EDMONTON -- "They can take our facility but we'll just find another one," GraceLife Church's pastor James Coates opened service on Sunday.

He spoke not from inside the church in Parkland County west of Edmonton, which was then still surrounded by three layers of fence ordered by health officials, but from an unknown location.

A video of the April 11 service was published to YouTube on Monday.

Coates stood at a podium and spoke into a microphone in front of a grey backdrop, not unlike his usual one at the church.

After saying good morning, he stepped aside for the band, whose singer greeted the audience, "Good morning. Did you ever think you'd be part of the underground church?"

It's not clear who hosted the congregation, or how many people attended. A slightly wider shot of the podium revealed a few people standing in front of the makeshift altar.

Coates spoke only briefly about the "imprisonment" of GraceLife's building before beginning his sermon centered on Psalm 2, about God's reign over a rebellion.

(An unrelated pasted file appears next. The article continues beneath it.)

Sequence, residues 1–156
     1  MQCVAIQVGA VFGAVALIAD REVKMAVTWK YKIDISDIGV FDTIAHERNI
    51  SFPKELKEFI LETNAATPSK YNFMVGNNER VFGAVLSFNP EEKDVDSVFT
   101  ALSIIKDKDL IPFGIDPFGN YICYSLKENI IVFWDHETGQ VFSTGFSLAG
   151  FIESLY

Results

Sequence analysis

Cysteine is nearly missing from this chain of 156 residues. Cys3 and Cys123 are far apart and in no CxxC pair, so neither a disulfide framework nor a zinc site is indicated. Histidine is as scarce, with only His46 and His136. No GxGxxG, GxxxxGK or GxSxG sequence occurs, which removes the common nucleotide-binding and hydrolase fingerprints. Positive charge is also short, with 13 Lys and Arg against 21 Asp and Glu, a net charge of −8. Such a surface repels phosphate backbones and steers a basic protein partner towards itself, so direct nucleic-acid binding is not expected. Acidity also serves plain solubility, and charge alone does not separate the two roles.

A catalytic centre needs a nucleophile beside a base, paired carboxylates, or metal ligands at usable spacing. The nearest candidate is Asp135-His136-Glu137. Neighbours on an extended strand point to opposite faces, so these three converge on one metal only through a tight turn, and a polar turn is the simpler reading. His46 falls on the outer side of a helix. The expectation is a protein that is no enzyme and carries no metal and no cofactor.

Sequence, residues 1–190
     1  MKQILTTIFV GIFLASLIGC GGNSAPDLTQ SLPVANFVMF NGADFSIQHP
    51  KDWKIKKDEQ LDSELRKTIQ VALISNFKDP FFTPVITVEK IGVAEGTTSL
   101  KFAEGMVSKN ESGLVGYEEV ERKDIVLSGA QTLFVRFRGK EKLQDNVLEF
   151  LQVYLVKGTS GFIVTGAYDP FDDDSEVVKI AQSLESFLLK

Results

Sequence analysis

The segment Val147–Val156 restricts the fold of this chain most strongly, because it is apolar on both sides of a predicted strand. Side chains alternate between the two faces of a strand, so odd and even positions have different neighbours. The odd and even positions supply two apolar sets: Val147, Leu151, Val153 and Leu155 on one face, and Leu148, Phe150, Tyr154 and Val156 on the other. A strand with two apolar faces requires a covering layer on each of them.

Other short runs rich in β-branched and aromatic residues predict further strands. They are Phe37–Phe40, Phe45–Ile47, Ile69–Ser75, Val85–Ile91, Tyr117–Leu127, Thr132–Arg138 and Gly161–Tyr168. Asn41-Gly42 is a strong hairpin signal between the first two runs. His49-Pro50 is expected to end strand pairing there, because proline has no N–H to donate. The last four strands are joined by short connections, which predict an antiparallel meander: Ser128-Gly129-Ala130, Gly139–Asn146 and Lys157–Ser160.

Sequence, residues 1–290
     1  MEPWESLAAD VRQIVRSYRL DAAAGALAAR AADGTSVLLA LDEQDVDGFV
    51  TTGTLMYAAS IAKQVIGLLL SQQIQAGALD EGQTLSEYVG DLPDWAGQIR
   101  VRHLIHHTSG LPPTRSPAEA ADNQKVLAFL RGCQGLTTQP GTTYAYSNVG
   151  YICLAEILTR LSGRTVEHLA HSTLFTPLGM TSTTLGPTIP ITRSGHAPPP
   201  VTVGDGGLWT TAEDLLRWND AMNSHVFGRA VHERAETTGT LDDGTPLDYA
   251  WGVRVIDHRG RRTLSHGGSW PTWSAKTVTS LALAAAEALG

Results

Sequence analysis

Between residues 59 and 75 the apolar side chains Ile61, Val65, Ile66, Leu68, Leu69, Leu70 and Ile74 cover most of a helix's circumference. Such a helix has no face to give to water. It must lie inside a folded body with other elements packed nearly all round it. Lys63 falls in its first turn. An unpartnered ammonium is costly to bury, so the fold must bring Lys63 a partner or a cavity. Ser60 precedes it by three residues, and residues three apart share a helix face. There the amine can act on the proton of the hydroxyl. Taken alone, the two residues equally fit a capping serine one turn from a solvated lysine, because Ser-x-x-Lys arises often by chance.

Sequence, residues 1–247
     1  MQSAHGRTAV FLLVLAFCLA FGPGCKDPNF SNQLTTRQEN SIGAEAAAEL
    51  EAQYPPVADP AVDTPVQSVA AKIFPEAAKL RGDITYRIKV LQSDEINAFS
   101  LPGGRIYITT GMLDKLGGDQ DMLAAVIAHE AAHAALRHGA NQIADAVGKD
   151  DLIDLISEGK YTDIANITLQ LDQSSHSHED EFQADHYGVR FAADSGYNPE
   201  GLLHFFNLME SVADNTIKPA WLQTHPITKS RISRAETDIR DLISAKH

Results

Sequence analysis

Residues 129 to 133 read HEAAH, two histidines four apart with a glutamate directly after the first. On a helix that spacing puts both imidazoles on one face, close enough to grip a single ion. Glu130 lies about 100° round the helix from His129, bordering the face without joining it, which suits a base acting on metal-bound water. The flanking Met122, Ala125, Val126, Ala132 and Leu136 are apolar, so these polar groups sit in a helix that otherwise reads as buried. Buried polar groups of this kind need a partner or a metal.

Coates said he was watching a similar insurrection.  

"Governments all over the world are counselling together in a unified effort to oppress the people they govern. And in that context, those who are faithful, those who follow Christ and confess that Jesus is Lord, are going to be the ones they have to silence and get out of the way because everyone else is going to fall in line."

GraceLife was closed April 7 by Alberta Health Services until it says the church can "demonstrate the ability to comply with Alberta's Chief Medical Officer of Health's restrictions."

AHS spokesperson Kerry Williamson said the agency was unaware of the apparent gathering by GraceLife, but said it would investigate any complaints made. 

Both the church and its pastor have been charged with violating provincial public health orders. Coates was jailed for several weeks for refusing to agree to follow the rules.

Hundreds of people – some church supporters, others believed to be far-right or fringe groups – have protested at the fenced-off building in Parkland County since it was locked up.